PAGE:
Canada’s economy needs a doctor.
A surprise contraction in gross domestic product in April leaves the country facing a possible recession, even after Bank of Canada Governor Stephen Poloz performed what he called emergency surgery in January by cutting interest rates to spur growth. More surgery may be needed.
Canada’s economy has shrunk for four straight months for the first time since the last recession in 2008-2009. Lingering damage from the oil plunge, with few signs of the positive effects of a weaker currency and cheaper fuel means Poloz will probably cut rates again this year, said economist Andrew Grantham at Canadian Imperial Bank Commerce, which had previously predicted no change.
“When you have such a significant drop in oil prices over such a short period of time, there’s a domino effect above and beyond simply the energy sector,” said Kash Pashootan, a portfolio manager at First Avenue Advisory of Raymond James Ltd. in Ottawa. His firm manages about C$225 million ($190 million). “That certainly increases the probability of the Bank of Canada having to cut rates more than we thought two months ago.”
The economy probably shrank at a 0.6 percent pace in the second quarter, “suggesting a recession” Emanuella Enenajor, senior Canada economist at Bank of America Merrill Lynch in New York, wrote Tuesday in a note to clients.
Poloz on Sunday compared his interest-rate cut earlier this year to surgery made necessary by plunging oil prices. Any increase in household debt would be a side effect, he said.
“If the doctor says you need surgery to avoid death, the side effects usually don’t deter you, you just go ahead and manage them somehow,” Poloz said during a panel talk at the Bank for International Settlements.
The April GDP decline was a surprise to all 20 economists in a Bloomberg survey and countered the Bank of Canada’s view that the damage from lower oil was probably “front-loaded.”
“The oil price decline, while it has an impact on western and offshore Canada, it is having a spillover effect across the whole country,” said Greg Stringham, vice president of markets and oil sands at the Canadian Association of Petroleum Producers. “It really still is very challenging for the sector with the current commodity prices.”
Capital spending in the Canadian oil and gas sector will fall 40 percent in 2015 to about C$45 billion with lower crude prices, the energy group predicts. Stringham credited the central bank for seeing weakness earlier than most, and said it may still need to offer more stimulus because troubles will persist into June when Alberta forest fires knocked out about 200,000 barrels a day of production.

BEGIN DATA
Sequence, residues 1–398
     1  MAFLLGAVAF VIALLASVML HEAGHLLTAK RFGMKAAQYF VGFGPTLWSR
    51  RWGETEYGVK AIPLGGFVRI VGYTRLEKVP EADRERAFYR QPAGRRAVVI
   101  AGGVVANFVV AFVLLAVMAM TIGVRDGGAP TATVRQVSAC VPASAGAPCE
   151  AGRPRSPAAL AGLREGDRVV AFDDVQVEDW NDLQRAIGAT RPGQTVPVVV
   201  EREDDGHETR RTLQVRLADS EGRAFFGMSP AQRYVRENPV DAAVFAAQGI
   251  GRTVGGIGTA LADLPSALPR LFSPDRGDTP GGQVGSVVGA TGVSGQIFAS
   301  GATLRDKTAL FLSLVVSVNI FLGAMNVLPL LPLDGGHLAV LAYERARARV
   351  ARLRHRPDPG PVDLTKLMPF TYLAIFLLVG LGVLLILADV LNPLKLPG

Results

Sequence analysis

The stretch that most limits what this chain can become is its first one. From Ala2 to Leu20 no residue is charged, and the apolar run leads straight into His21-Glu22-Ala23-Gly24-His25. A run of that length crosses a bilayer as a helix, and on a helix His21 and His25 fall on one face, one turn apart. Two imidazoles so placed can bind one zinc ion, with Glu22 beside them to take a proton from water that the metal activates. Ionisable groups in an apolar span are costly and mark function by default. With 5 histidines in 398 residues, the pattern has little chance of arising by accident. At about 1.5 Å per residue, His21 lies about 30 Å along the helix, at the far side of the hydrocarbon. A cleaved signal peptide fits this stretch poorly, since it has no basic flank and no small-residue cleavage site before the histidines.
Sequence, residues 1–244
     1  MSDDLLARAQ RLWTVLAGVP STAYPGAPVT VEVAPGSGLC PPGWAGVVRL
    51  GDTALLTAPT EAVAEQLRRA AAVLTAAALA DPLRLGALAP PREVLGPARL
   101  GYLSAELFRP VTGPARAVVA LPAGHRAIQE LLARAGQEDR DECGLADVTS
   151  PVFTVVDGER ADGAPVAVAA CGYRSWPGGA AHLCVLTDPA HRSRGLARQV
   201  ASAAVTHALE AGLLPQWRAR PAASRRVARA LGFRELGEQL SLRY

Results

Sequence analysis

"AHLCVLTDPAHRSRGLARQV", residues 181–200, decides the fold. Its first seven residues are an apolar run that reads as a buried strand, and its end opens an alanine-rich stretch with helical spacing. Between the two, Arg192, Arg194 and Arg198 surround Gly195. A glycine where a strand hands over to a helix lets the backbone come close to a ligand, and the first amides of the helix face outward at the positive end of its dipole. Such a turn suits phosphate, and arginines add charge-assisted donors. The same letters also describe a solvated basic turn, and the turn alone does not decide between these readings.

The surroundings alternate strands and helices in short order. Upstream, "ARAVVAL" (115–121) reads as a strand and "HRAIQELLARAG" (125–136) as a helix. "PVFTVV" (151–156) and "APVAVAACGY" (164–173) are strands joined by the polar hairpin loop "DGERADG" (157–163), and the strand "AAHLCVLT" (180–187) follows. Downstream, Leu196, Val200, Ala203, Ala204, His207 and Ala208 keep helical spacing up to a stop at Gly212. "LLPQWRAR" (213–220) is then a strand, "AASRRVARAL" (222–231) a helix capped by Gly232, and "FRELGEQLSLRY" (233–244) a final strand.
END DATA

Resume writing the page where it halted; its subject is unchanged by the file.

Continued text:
The possible need for more stimulus comes before a federal election in October, in a year when Prime Minister Stephen Harper says his main fiscal goal is tighter policy to balance the budget. Harper has also said past tax cuts will aid business and consumer spending.
Finance Minister Joe Oliver’s office didn’t respond to requests Tuesday for comment on the GDP report. Nathan Cullen, a lawmaker for the opposition New Democratic Party, said the government has done a poor job picking the best investments to expand the economy. “The Conservatives’ plan isn’t working,” he said. “The proof is in the numbers.”
Oil and gas, mining and quarrying fell 2.6 percent in the month, the sixth consecutive decline as crude’s slide continued to hammer Canada’s resource-rich economy.
Lower crude oil prices and a lack of pipelines are prompting producers from Suncor Energy Inc. to Imperial Oil Ltd. to accelerate a shift to smaller projects. Crude oil is Canada’s top export.
There were weak spots beyond the energy industry in April. Retailing declined 0.2 percent after a 0.3 percent gain in March.
Manufacturing fell 0.2 percent, with the fourth consecutive decline led by non-durable goods such as food and paper. Canada’s factories have struggled to recapture orders they lost in the 2008-2009 recession, even with the aid of a weaker currency, cheaper energy and signs of a U.S. recovery.
The Bank of Canada’s April 15 economic forecast predicted gross domestic product would grow at a 1.8 percent annualized pace between April and June.
Before the next rate decision on July 15 Poloz will also see the bank’s own quarterly report on business sentiment, and Statistics Canada figures on the trade balance for May and employment for June.
“Growth still remains flat in the second quarter,” said Paul Ferley, assistant chief economist at Royal Bank of Canada in Toronto. “Indications the weakness is more long-lived could prompt them to respond” at the central bank, he said.
The April contraction raises the possibility that output shrinks for a second straight quarter, which many economists use as a benchmark for a recession.
Ferley said the case for a true recession is weakened because the output declines aren’t widespread enough and there is strength in the labor market. The unemployment rate of 6.8 percent has fallen from a peak of 8.7 percent in 2009.
Poloz still needs to cut rates twice this year, recession or not, says David Watt, chief economist at HSBC Holdings Plc’s Canadian unit in Toronto.
“Though we do not expect the Canadian economy to slip into a technical recession, the lack of traction in the economy and the lingering negative impact from weak oil and other commodity prices into the second quarter reinforce our view that the Bank of Canada will cut rates further,” he said.